Although this is not a new novel by Charles de Lint, it is more recent than his classic work Moonheart, a product of the 1980s. I strongly suspect the winter storm was inspired by the ’98 Ice Storm, a turn-of-the-century ordeal that blew out the power in hundreds of cities across the eastern seaboard and is still etched clearly in my memory. The conflict of the musicians/artists against the dark forces of the Gentry gains something of the air of the Fisher King myth, where the salvation of the land itself and its fertility is at stake. What’s so great about this is everyone over a certain age can remember this Ice Storm and feel that much closer to the myth. That’s part of the payoff of setting fantasy novels in the here-and-now.

Charles de Lint

Charles de Lint

Part II: A Multicultural Utopia: Historicizing New Fantasy in Charles de Lint’s Moonheart

The following is the second part of a presentation I gave for this year’s MA colloquium. I have included the accompanying PowerPoint file as well.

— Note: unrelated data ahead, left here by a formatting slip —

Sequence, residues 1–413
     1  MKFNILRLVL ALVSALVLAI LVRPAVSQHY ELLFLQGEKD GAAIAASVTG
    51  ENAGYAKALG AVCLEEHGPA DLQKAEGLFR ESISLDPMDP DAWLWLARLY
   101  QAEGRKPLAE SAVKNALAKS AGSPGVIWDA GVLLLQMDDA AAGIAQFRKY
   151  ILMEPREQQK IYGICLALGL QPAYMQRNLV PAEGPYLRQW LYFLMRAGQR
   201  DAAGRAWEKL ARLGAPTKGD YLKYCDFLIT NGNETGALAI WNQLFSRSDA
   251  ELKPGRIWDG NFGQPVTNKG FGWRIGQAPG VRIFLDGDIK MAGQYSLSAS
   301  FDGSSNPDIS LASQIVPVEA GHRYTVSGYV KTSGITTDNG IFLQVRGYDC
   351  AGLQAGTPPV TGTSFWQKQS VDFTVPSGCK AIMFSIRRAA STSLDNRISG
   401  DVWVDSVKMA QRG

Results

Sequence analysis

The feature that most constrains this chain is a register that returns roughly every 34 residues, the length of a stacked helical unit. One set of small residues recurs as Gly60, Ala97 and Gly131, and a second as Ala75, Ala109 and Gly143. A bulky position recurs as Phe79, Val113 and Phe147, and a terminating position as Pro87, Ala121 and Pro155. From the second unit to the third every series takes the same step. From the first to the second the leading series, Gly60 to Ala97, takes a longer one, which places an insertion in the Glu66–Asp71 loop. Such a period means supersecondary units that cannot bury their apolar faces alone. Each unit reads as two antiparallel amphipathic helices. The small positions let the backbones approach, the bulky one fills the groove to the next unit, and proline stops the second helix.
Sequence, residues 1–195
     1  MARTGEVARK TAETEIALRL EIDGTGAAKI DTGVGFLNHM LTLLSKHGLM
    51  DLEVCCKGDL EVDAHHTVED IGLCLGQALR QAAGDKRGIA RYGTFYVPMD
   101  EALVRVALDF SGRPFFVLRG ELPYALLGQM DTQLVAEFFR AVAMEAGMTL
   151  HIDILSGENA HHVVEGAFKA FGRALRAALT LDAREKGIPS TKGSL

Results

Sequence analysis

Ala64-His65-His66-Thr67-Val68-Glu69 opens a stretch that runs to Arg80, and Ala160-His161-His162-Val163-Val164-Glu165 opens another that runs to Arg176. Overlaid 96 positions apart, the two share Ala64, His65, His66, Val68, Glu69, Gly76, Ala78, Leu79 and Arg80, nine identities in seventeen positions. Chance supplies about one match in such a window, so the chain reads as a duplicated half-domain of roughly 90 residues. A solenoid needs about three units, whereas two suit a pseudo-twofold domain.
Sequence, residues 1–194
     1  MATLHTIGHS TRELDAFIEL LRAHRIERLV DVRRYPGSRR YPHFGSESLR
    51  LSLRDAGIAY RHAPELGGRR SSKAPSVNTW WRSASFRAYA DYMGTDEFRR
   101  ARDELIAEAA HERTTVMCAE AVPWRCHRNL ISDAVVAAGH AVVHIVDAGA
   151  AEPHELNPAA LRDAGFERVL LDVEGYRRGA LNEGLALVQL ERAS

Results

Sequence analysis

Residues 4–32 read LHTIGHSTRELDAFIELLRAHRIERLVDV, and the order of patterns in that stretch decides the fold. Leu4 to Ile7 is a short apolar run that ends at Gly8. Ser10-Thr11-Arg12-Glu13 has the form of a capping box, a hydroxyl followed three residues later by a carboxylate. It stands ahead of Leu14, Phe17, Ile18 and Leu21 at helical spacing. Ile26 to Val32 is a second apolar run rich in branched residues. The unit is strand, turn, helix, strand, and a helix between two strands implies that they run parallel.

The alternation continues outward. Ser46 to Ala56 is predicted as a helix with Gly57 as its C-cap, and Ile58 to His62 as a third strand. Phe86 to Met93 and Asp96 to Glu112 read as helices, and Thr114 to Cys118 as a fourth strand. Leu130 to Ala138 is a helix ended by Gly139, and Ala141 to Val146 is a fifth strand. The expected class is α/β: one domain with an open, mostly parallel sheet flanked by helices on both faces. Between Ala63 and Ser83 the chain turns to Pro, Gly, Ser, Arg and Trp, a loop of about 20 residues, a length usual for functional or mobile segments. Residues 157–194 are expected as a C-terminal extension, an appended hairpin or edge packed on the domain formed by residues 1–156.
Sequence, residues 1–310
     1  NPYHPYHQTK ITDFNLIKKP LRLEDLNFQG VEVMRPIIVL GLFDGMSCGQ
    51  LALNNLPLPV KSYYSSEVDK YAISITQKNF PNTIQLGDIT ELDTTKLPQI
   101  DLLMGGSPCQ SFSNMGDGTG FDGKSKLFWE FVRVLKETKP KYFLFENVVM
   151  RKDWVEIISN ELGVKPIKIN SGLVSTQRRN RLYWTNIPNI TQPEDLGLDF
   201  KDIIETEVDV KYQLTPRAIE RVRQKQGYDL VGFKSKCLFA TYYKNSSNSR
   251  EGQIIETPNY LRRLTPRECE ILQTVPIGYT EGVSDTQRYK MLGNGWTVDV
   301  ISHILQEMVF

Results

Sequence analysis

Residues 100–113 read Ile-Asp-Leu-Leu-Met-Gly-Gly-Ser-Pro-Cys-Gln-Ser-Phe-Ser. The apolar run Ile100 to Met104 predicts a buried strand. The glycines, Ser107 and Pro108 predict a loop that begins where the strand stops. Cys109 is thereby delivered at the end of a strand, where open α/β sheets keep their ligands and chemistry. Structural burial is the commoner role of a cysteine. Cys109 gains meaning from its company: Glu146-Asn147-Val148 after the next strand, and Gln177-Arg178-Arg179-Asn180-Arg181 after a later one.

Historicizing Moonheart Presentation

A Multicultural Utopia: Historicizing New Fantasy in Charles de Lint’s Moonheart

[…]

MoonheartThe narrative structure at work during Mal’eka’s seige is part of a larger rhetorical structure in Moonheart that produces a colonial dynamic between the Otherworld and the mundane world. Farah Mendlesohn calls this structure the “intrusion fantasy”: “In intrusion fantasy the fantastic is the bringer of chaos. […] It is horror and amazement. It takes us out of safety without taking us from our place” (xxi-xxii). An intrusion implies that the fantastic comes from outside and invades the mundane world. Since this dynamic sets the denizens of the mundane world against the evil forces invading from the Otherworld, the intrusion fantasy maps the inside/outside conflict of Northrop Frye’s “garrison mentality” (73) onto the fantastic/mundane binary.